Physical examination showed scars in both auricles with atrophy of the left lobe, a scar on the dorsum of the nose dorsum and tender nodules were evidenced on both cheeks, without changes on the overlying skin. Additionally, he presented submaxillary, bilateral, elastic, and mobile adenopathies (Figure 1, Figure 2 and Figure 3).

Given this clinical picture, the diagnosis of lupus panniculitis was considered.

A magnetic resonance imaging (MRI) with contrast of the head and neck area was performed, which showed thickening of the integuments with foci of hyperintense signals in STIR and T2 in both cheeks. Additionally, hypointense nodular formations within the subcutaneous fat were evident in T1 and moderately intense in T2.

A biopsy of one of the lesions was performed, and it demonstrated a moderate perivascular and periappendageal inflammatory infiltrate composed of lymphocytes accompanied by plasma cells within the deep dermis and extending into the subcutaneous fat with involvement of lobules and septa. Furthermore, it exhibited hyaline fat necrosis with foci of lipophagy and fibrinoid degenerative changes of collagen. There were no significant changes in the epidermis. With these findings, the pathologist suggested the diagnosis of lupus profundus. To confirm this, a direct immunofluorescence performed on non-affected skin revealed IgG, C1q and C3 deposits at the dermoepidermal junction (Figure 4, Figure 5 and Figure 6).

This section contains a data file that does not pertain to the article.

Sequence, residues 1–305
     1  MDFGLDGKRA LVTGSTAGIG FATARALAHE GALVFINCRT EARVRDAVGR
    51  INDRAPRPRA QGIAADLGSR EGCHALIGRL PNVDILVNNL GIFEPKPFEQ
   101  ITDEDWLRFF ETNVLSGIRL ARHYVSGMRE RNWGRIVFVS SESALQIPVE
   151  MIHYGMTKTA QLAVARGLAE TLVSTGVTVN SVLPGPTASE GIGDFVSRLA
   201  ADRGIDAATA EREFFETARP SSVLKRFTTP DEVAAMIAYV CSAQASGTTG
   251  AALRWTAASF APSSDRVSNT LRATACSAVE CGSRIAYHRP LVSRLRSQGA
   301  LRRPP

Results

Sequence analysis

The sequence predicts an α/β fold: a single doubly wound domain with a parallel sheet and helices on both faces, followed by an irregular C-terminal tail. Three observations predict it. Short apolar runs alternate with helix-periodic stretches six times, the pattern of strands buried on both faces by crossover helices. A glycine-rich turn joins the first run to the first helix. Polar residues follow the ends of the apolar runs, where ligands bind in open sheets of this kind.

Additional laboratory studies showed positive antinuclear antibodies with a titre of 1/1280 with homogeneous pattern. On the other hand, he did not exhibit anti-double-stranded DNA antibodies, anti SCL 70, anti-Smith, anti Ro, anti La, anti-cardiolipin, or rheumatoid factor.